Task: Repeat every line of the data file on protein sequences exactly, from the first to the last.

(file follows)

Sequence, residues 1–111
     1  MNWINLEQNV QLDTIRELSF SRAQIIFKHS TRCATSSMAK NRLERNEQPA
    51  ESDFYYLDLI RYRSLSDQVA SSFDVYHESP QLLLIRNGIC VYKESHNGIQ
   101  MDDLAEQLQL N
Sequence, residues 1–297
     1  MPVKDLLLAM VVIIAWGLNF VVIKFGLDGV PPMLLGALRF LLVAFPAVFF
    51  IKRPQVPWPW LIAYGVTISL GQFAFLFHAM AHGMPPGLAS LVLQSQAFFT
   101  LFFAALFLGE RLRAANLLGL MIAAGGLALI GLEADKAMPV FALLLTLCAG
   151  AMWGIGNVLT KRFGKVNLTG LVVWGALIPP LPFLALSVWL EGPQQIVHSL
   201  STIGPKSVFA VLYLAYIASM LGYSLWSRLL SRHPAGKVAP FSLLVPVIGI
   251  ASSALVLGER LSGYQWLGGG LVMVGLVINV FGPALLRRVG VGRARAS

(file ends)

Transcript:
Sequence, residues 1–111
     1  MNWINLEQNV QLDTIRELSF SRAQIIFKHS TRCATSSMAK NRLERNEQPA
    51  ESDFYYLDLI RYRSLSDQVA SSFDVYHESP QLLLIRNGIC VYKESHNGIQ
   101  MDDLAEQLQL N
Sequence, residues 1–297
     1  MPVKDLLLAM VVIIAWGLNF VVIKFGLDGV PPMLLGALRF LLVAFPAVFF
    51  IKRPQVPWPW LIAYGVTISL GQFAFLFHAM AHGMPPGLAS LVLQSQAFFT
   101  LFFAALFLGE RLRAANLLGL MIAAGGLALI GLEADKAMPV FALLLTLCAG
   151  AMWGIGNVLT KRFGKVNLTG LVVWGALIPP LPFLALSVWL EGPQQIVHSL
   201  STIGPKSVFA VLYLAYIASM LGYSLWSRLL SRHPAGKVAP FSLLVPVIGI
   251  ASSALVLGER LSGYQWLGGG LVMVGLVINV FGPALLRRVG VGRARAS